This article examines the relationship between ethnic and class identities among members of a stigmatic ethnic group (Mizrahim) who experience upward mobility in Israel. The findings show how mobile Mizrahim do not report a classic cleft habitus, but rather a amalgam between the types of habitus associated with mobility, strategic preference of class identities, and maintenance of distance from ethnic identity. At the same time, the findings also reveal the heavy use of Orientalist discourse, boundary-work within the ethnic (and familial) group, strong negative emotions (disgust, hate), and self-negation. We offer an interpretation of this self-negation as a unique expression of cleft habitus. We also discuss the discursive explanations for this unique relationship between ethnic and class identities and the prevalent cultural scenario in Israel regarding mobility, which, in turn, affects the phenomenology of mobility.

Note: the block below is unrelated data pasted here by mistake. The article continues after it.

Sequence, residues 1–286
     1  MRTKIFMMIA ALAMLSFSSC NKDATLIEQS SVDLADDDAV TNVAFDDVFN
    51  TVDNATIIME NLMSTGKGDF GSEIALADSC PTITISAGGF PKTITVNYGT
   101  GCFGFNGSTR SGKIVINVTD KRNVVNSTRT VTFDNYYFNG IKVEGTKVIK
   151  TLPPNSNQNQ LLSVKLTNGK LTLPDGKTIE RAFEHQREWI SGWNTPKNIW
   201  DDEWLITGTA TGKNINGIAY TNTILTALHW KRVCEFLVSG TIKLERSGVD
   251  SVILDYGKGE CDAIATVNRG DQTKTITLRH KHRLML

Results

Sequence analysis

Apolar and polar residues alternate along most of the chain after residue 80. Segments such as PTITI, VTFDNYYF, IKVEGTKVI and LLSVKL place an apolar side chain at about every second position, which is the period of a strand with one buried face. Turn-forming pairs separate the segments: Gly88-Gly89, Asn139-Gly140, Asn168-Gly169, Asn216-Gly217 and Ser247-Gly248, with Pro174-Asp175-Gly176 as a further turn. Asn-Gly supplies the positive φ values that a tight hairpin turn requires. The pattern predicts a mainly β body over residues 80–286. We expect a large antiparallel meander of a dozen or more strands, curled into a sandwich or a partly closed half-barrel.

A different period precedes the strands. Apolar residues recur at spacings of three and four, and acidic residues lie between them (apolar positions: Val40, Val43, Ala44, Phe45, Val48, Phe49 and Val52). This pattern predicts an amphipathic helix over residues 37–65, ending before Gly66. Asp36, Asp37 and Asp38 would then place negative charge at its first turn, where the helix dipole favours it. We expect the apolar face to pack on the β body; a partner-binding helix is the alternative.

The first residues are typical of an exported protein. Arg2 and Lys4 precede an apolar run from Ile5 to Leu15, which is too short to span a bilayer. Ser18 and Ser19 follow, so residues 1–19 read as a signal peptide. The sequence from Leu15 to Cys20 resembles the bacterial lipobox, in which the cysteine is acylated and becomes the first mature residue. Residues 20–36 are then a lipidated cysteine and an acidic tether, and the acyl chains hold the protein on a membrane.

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- cleft habitus
- family capital
ASJC Scopus subject areas
- Sociology and Political Science